The industrial revolution began in the late 1700s in the United Kingdom and it was the beginning of a change that would affect the entire world and that would help further develop globalization. The mechanization of manufacturing processes made production faster, cheaper and easier, making it a necessary advantage to develop. Latin America’s industrialization mainly took place during the 20th century, and it is still ongoing, however, the effects have not always been positive.
Non-industrialized countries mainly focused on commodity production, which would later be exported and used in the production of different goods. After a more liberal economy was instituted, additional Latin American countries made reforms to be internationally competitive, as a result the industrial sector was further developed.
According to a study carried out by the Economic Commission for Latin America and the Caribbean, after the reforms made by Brazil, Argentina and Mexico, there was a correlation in the increase in both GDP and environmental pollution. This data begged the question, what is more beneficial in the construction of a country?
As previously stated, industrialization is advantageous in building an internationally competitive nation and as such, it is heavily encouraged. However, most cases primarily focus on an inconsiderate expansion, as though resources were unlimited. Oil is the most valuable asset nowadays and yet it is also a finite asset. According to the Clean Air Institute:
Mexico City has long been plagued by smog but according to the report, Monterrey is the city with the highest levels of Particle Pollution (PM10) in all of Latin America. The concentration of PM10 per cubic meter is 85.9 micrograms in Monterrey; the European Union limits member countries to maintaining levels of under 40 micrograms per cubic meter. Guadalajara’s pollution is also toxic (70.1 mcg/m3) and Mexico City’s looks almost clean by comparison (57.0 mcg/m3).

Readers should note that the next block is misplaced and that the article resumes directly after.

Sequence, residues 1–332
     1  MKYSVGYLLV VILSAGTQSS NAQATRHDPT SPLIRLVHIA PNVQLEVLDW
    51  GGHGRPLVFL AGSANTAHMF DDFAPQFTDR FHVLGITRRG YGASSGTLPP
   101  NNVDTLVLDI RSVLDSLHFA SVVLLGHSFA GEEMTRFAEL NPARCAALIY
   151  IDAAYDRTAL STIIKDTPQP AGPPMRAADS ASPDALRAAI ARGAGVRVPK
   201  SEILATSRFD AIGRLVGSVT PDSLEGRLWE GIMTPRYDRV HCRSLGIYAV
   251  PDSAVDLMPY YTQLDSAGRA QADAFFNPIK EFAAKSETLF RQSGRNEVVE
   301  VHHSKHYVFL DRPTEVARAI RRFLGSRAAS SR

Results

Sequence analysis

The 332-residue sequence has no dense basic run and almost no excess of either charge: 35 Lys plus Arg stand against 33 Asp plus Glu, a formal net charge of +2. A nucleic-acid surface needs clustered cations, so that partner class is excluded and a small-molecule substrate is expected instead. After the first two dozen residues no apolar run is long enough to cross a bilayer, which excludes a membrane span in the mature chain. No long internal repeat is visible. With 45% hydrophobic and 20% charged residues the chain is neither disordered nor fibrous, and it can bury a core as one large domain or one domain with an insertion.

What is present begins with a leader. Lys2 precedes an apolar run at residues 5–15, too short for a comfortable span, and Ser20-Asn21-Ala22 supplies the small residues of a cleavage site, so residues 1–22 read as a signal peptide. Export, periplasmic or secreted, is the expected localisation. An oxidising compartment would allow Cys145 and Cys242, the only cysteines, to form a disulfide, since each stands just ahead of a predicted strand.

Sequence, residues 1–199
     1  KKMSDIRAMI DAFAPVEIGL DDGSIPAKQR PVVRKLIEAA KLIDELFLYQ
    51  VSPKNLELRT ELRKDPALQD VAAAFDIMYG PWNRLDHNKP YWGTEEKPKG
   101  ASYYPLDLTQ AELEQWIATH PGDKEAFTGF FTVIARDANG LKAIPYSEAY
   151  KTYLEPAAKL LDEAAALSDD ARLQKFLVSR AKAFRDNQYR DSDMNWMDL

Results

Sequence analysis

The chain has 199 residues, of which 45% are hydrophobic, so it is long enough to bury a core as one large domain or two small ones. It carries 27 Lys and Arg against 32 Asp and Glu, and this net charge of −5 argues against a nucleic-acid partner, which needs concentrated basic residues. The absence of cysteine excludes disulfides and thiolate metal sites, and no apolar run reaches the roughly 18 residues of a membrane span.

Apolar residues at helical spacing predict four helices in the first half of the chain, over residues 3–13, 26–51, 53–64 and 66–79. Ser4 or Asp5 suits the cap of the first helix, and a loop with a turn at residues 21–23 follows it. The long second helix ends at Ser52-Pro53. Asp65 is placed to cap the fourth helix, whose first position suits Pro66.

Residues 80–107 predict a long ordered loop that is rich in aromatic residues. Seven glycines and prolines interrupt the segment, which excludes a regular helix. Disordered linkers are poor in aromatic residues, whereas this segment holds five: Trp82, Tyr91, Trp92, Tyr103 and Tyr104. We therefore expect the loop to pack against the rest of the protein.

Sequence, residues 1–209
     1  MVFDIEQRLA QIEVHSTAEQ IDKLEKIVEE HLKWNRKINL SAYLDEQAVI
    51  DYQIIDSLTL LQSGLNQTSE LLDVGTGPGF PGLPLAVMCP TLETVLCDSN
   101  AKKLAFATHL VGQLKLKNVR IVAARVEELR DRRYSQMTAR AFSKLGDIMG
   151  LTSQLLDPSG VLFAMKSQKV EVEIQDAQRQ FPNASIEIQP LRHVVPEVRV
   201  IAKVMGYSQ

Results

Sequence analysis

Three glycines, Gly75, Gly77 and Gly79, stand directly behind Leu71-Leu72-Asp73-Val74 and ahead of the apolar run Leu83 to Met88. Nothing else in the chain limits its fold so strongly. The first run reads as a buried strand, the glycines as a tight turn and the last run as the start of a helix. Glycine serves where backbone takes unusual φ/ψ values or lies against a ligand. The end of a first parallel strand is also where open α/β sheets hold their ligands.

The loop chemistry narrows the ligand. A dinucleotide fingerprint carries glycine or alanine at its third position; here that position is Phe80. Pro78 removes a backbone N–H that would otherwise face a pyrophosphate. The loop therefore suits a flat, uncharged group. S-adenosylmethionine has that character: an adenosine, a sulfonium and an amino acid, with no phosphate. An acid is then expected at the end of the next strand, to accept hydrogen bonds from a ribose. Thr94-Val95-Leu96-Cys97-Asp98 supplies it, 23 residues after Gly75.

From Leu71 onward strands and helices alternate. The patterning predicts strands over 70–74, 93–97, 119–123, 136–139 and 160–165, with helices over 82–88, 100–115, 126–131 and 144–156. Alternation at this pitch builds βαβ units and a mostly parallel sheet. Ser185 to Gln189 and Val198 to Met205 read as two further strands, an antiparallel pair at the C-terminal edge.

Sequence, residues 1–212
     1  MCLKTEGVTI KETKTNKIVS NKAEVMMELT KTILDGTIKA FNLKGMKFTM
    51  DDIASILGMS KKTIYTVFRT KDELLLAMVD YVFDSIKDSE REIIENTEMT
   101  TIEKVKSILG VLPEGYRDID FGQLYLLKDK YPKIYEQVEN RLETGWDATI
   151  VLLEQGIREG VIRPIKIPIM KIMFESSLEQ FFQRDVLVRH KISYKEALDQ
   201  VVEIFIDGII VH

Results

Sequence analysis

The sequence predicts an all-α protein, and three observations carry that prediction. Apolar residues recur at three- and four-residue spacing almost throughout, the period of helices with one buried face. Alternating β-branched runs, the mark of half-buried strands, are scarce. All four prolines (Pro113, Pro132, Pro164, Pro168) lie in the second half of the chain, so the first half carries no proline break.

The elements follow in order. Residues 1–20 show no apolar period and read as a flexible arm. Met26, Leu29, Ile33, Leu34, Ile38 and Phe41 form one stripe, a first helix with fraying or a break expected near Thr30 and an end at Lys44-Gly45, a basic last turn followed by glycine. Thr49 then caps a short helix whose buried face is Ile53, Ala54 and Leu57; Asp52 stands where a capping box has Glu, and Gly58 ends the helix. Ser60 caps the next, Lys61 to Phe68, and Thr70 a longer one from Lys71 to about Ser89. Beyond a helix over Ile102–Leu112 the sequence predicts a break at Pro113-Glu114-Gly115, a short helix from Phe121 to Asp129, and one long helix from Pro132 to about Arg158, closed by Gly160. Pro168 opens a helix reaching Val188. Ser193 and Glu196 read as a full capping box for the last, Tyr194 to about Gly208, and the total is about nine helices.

Monterrey is heavily industrialized, from the 1950s it started developing as such, but the consequences have obviously not been addressed. In Mexico alone there are approximately 14,000 deaths each year because of air pollution, to which cars also contribute, but it is no coincidence that the states that are more contaminated are also those that are more industrialized.
Globally, there appears to be a stronger drive of monetary ambition that overlooks the ecological consequences. Although industrialization is undeniably necessary, people seem to ignore that if there is no sustainable development, then there can be no economical growth in the long term. 14,000 people is no small number and if effective measures to stop pollution levels from increasing are not taken, there might be no bright and ambitious future to strive to.
In the case of Mexico, I believe institutions on Ecological affairs should be created in order to make viable and real solutions to a problem that affects all of the society within the country. Latin America is generally a few steps behind many countries, however, that does not mean that the standards should be lowered, especially when this means endangering people’s lives, and in this matter pollution should be no exception. In the end, what is the point of endless growth if it is unsustainable in any aspect? It is not worth it, in my opinion, because the fact of the matter is resources are finite, and because our survival depends on them and the environmental conditions. Thus we cannot afford to keep on growing uncontrollably.
Andrea K. Romero